This isn't a complete answer, but it might shed some light on what is involved.

Let $n=m(m-1)/2$, and let's say you've decided which pairs of the $m$ points should get which of the $n$ distances. You should form the $m\times m$ matrix $M$ whose entries are the squared distances, i. e., $M\_{ij}=||x\_i-x\_j||^2$, where the $m$ (unknown) points are $x\_1,\ldots,x\_m$. Suppose the $m$ points all belong to $\mathbb{R}^k$. Let $X$ be the $k\times m$ matrix whose $j$-th column is $x\_j$. Without loss of generality, the points have mean zero, so $x\_1 + \ldots + x\_m = X\alpha^T = 0$, where $\alpha=(1,\ldots,1)$. It's easy to show that if $P=I-\frac1m\alpha \alpha^T$ is the orthogonal projection onto the orthogonal complement of $\alpha$, then $PMP = -2X^TX$. Thus, once you know $M$, you can attempt to find $X$ by a modification of Cholesky decomposition applied to $-\frac12PMP$. You need to modify the procedure to make it return a $k\times m$ matrix, not an $m\times m$ matrix. (Since you want $\mathbb{R}^3$, you should take $k=3$.) If it succeeds, then you have a solution; otherwise, no solution exists.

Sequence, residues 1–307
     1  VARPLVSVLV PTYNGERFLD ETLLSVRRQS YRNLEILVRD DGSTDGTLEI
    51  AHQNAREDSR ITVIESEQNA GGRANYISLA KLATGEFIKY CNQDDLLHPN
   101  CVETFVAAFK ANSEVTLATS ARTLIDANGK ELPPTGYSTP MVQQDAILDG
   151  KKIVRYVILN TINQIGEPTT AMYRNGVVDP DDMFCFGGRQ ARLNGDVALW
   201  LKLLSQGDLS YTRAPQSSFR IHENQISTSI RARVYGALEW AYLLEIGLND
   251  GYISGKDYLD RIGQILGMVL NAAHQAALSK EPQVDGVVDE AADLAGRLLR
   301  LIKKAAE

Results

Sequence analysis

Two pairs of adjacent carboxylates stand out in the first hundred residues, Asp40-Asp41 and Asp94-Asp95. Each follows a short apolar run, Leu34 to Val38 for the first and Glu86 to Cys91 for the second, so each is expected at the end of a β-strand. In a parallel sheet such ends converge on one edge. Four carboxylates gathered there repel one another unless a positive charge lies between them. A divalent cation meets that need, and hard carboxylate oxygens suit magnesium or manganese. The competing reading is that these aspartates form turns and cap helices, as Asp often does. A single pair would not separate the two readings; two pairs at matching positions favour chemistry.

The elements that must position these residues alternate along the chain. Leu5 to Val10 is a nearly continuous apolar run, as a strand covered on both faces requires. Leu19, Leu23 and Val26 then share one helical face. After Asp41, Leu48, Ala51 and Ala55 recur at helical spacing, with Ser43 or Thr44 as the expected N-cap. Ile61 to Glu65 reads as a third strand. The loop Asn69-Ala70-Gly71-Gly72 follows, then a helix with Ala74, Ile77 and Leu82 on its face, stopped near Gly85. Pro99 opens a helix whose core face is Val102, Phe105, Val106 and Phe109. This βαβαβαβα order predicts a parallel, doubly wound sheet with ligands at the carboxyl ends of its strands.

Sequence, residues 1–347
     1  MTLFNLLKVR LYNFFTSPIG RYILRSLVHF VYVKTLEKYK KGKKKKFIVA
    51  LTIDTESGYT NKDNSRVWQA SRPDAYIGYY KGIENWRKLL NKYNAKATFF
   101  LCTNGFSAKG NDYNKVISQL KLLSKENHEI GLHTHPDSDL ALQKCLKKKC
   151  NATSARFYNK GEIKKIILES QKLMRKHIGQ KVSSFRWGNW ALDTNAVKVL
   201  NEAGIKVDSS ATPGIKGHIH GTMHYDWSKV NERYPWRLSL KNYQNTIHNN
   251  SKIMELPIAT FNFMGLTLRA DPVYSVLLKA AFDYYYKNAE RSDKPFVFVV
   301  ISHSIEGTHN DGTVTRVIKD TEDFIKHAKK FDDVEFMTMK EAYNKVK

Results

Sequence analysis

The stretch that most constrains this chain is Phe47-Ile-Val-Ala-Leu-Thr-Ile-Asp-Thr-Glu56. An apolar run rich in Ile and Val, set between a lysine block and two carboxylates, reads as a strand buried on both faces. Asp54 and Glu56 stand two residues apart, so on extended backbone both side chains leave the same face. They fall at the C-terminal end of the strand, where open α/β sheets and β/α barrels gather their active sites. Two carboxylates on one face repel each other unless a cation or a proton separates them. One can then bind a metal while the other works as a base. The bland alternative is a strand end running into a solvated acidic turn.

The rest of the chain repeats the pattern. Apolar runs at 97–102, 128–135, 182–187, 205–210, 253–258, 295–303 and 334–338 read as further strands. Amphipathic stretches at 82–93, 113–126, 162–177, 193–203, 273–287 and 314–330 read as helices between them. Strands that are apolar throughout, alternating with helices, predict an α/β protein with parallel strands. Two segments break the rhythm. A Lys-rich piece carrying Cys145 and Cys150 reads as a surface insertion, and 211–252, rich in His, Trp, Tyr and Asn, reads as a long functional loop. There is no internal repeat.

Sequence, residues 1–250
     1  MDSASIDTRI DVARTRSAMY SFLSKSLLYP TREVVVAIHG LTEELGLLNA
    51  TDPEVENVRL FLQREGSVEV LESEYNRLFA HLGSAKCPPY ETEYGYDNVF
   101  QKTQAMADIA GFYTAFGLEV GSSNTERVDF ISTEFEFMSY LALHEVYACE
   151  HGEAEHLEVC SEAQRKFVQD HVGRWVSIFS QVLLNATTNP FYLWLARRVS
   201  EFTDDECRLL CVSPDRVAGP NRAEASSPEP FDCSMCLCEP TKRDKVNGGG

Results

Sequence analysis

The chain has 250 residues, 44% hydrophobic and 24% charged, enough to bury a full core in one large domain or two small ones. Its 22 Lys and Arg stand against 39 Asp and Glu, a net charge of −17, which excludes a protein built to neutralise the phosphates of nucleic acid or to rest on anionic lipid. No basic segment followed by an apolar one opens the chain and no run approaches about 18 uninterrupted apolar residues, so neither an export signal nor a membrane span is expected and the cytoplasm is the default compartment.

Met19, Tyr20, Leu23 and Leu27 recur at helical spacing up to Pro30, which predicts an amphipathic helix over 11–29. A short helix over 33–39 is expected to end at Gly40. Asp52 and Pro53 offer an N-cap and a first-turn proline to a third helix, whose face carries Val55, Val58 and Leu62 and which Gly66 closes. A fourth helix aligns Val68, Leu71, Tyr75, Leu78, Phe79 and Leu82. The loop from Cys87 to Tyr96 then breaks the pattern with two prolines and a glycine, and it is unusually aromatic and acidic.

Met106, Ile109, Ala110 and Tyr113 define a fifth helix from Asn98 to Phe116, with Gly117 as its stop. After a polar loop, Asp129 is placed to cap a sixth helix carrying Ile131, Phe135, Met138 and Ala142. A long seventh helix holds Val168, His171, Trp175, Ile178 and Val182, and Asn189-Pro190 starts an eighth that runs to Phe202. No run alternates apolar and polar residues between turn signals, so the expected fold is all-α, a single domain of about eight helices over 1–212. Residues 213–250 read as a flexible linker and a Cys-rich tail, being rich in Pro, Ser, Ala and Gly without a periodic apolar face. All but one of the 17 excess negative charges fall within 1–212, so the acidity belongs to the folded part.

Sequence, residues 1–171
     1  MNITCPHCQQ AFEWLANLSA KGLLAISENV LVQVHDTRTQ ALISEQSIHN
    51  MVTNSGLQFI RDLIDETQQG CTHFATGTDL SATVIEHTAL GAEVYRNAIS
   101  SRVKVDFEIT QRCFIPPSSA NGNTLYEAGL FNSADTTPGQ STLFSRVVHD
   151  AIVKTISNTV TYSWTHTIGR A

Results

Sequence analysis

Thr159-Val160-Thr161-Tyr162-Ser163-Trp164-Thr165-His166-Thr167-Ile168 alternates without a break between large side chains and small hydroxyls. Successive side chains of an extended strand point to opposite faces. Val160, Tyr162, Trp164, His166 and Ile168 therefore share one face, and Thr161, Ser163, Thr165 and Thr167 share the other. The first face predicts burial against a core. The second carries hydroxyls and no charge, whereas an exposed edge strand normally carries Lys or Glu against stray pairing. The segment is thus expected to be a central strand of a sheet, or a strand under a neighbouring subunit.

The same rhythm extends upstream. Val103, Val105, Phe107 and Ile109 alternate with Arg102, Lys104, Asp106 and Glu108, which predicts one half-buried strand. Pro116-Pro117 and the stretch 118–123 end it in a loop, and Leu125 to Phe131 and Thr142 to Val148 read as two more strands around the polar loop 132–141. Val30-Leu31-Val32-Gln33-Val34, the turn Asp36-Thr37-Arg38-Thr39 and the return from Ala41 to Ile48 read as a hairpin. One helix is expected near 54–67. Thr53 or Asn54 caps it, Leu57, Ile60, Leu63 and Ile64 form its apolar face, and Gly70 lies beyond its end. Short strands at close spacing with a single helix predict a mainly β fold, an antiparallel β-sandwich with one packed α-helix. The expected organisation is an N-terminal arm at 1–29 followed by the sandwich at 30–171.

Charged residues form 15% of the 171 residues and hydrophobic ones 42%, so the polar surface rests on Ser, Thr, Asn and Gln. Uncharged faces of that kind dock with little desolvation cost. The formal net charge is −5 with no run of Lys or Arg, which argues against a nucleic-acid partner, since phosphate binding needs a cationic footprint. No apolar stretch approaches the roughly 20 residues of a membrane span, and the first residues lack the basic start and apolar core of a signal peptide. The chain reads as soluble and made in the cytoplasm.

Unfortunately, that assumes that you've assigned the $n$ distances to pairs of points already. If the above procedure fails, then it's still completely possible that some other assignment of distances to pairs will yield a solution. I'm not seeing any easy way to solve this; checking all possible assignments is out of the question even for pretty modest values of $m$ even if you can break all the symmetries, since I think you would need to check $(m(m-1)/2)!/m!$ assignments in the worst case. Maybe there's a way to reduce the number of permutations you need to check, but I'm not seeing it.